FLORETTA D. McKENZIE, superintendent of the Washington school system, took to the podium of a recent League of Women Voters meeting to campaign against the school tax credit proposal that will appear on the ballot Tuesday. The proposal, which would allow a $1,200-per-pupil D.C. income tax credit for expenses at either public or private schools, has been attacked as a drain on the city's treasury and a threat to the public schools. McKenzie raised the question to even loftier heights:

Saying she felt like a "prime minister needing a vote of confidence," she told her audience: "Give public education a vote of confidence for the whole nation to see."

But the issue is not, as the opponents of the tax credit would have voters believe, whether Americans believe in public education. Public education that will enable the citizenry to reason through the complicated questions of government and society is intrinsic to a democracy, and Americans have had a longstanding commitment to it. The issue is public education in Washington.

Were the city's schools educating its children, there would be no call for a tax credit. But the state of public education in Washington is shameful. For years the schools have been plagued by discipline problems. The system has been repeatedly disrupted and embarrassed by its leadership. Only last year did the schools reinstitute a policy of holding back children who were not prepared for the next level.

The cost has been tragic to generations of children. One-seventh of the children from grades one through three failed to meet promotion standards last June. The SAT scores of older students -- scores chiefly designed to measure reasoning ability -- have averaged 200 points below the average for the United States and 250 points below the average for Washington's suburbs. One-fourth of the older teen-agers can't get jobs. How did the parents let the education of their children come to such a state?

Part of the answer is that parents of nearly 17,000 children have put their children in private schools. And it has cost a lot of money -- up to $4,300 in tuition per child. At the same time that these parents are forking over tuition to ensure that their kids can read and write and have some acquaintance with the fundamentals of reasoning, they are subsidizing a system that has proved itself largely incapable of doing the same for children who can't get out of it. Is it any wonder that a movement to help the schools that are doing the job should arise?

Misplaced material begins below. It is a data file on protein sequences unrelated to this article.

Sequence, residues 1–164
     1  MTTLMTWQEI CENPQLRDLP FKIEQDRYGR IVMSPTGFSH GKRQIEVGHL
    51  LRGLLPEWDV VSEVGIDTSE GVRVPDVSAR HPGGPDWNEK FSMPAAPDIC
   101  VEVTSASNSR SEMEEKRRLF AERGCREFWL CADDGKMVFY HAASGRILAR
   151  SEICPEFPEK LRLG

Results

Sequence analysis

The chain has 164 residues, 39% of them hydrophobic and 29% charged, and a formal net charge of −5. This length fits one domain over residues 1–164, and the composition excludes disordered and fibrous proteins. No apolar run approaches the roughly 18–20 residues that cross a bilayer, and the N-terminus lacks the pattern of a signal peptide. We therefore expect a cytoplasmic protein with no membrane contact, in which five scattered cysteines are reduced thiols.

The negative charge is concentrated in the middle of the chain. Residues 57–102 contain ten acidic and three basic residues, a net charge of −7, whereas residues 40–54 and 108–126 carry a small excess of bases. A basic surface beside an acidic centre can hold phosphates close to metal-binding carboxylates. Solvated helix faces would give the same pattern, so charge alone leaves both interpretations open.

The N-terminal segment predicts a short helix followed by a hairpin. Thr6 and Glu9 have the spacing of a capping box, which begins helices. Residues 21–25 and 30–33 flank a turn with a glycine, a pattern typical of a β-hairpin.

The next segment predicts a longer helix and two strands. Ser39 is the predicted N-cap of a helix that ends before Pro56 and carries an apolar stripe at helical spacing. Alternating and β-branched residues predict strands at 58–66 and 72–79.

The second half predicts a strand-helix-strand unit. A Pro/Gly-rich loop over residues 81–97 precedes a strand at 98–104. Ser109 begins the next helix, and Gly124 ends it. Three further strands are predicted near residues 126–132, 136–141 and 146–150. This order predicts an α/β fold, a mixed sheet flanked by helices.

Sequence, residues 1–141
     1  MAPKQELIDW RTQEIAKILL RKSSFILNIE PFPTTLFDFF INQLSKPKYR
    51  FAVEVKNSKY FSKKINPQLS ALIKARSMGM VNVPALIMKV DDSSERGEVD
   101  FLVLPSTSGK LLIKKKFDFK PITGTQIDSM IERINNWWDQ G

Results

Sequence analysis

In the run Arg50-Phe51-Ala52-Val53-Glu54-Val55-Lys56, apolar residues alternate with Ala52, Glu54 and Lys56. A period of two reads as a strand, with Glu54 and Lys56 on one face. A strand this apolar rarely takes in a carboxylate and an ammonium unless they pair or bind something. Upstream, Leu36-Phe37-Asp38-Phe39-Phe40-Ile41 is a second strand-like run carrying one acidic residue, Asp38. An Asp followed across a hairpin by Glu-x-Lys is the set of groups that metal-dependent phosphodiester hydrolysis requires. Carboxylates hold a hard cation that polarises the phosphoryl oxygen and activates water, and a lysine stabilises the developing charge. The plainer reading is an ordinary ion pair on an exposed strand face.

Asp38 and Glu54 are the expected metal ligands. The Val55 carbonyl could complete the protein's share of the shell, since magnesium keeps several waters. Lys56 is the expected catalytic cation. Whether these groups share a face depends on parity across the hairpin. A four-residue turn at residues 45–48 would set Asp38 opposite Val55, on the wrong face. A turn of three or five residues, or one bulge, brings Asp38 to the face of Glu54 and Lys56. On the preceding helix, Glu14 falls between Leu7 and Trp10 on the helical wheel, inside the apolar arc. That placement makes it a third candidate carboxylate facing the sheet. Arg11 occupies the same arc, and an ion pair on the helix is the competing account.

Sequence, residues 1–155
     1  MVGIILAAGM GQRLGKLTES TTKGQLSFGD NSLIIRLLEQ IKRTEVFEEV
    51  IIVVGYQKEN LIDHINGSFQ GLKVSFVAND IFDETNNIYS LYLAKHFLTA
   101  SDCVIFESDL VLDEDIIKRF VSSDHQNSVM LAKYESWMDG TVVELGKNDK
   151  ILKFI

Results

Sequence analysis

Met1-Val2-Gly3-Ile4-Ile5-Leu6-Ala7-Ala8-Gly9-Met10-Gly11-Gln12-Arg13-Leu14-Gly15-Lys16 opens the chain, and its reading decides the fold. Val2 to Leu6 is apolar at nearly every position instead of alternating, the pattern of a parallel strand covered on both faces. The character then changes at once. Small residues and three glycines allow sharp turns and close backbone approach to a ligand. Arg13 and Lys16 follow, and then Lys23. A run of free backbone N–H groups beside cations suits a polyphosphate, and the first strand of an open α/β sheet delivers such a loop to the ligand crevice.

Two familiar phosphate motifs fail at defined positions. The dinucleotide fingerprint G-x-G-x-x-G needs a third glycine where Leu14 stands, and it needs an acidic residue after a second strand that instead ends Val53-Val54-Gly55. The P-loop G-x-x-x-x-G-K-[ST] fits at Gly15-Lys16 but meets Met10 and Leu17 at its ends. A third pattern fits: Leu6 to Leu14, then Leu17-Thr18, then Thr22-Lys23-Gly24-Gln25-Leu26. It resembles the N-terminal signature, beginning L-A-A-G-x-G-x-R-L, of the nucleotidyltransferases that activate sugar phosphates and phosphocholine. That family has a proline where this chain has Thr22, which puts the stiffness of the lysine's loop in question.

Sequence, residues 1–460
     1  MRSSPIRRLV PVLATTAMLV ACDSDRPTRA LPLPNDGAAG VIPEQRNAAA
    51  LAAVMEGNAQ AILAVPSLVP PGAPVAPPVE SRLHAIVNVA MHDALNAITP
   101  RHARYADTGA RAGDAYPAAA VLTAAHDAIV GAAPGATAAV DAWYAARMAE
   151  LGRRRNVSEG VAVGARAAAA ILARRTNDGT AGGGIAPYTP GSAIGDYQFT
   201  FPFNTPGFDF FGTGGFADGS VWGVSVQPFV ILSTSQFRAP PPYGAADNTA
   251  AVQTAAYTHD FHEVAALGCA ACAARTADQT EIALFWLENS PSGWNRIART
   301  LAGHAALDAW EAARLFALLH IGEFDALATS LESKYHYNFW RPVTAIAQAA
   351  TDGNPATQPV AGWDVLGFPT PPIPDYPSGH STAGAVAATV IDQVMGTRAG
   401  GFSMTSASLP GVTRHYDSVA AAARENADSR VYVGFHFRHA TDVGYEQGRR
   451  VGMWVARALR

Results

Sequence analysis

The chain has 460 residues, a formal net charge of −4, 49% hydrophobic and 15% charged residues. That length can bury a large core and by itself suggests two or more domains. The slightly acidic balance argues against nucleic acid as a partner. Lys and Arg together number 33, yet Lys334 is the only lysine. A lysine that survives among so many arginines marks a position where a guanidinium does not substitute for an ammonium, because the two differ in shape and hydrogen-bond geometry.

The wonder is that something of this sort hasn't happened before. The wonder of it is that parents who have children who can't get out of the schools haven't taken to the classrooms and the auditoriums and the school board offices to demand discipline in the classes and teachers who can teach. The wonder of it is that they aren't demanding that their kids get enough homework so they can learn.

In a recent column in The Washington Post, Jessica Tuchman Matthews cited national statistics that ought to raise the hair of anyone wondering how we are educating our youth: 75 percent of last year's graduating seniors throughout the nation reported spending less than five hours a week on homework, while 26 percent of them reported spending more than four hours a day watching television. This is a city whose students fall hundreds of points below the national average. What would the figures be here? And what are the parents doing about it?

The tax credit issue has set people thinking about public schools here in a way that hasn't happened in years. Hundreds of thousands of dollars are being spent by both sides in the debate. The Board of Trade, which rarely takes a stand on such issues, has come out against it. Suburban school superintendents, buying the argument that public education as a whole is threatened, have joined in an unprecendented show of unity with D.C. officials.

That a tax credit proposal is on the ballot is a measure of how confidence in Washington's public education has eroded. The school board, the superintendent, the teachers and bureaucrats who run the schools and the politicians who control the budget ought to be shaking. The parents ought to be taking a hard look at what they are doing: Are they backing up the schools when it comes to discipline? Are they going to PTA meetings and back-to-school nights and attending parent-teacher conferences and taking away privileges when poor report cards come home? And are they going to vote in school board elections for people who will support the educational consensus that seems to be emerging from the superintendent's office rather than for people who will disrupt it?

The tax credit proposal has provided a healthy jolt to a system that has done such a negligent job of preparing its young people for the responsibilities of citizenship. If the initiative should fail, the most tragic outcome of all would be for those who are responsible for good public education here to celebrate it as a vote of confidence in the job they are doing.